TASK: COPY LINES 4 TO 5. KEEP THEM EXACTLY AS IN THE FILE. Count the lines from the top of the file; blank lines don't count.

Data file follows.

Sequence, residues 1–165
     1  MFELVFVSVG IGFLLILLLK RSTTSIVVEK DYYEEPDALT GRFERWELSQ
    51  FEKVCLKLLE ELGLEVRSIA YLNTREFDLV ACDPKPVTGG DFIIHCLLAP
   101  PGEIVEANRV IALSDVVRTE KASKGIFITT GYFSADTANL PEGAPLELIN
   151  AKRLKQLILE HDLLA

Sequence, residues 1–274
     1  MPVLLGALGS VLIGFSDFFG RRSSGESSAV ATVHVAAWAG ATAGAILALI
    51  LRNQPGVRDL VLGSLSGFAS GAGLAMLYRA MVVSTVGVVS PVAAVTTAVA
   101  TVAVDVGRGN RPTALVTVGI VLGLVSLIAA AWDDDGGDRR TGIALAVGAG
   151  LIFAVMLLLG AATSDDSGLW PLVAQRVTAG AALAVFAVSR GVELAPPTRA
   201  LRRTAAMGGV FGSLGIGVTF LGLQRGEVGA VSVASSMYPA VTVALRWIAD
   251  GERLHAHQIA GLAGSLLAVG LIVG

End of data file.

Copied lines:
   101  PGEIVEANRV IALSDVVRTE KASKGIFITT GYFSADTANL PEGAPLELIN
   151  AKRLKQLILE HDLLA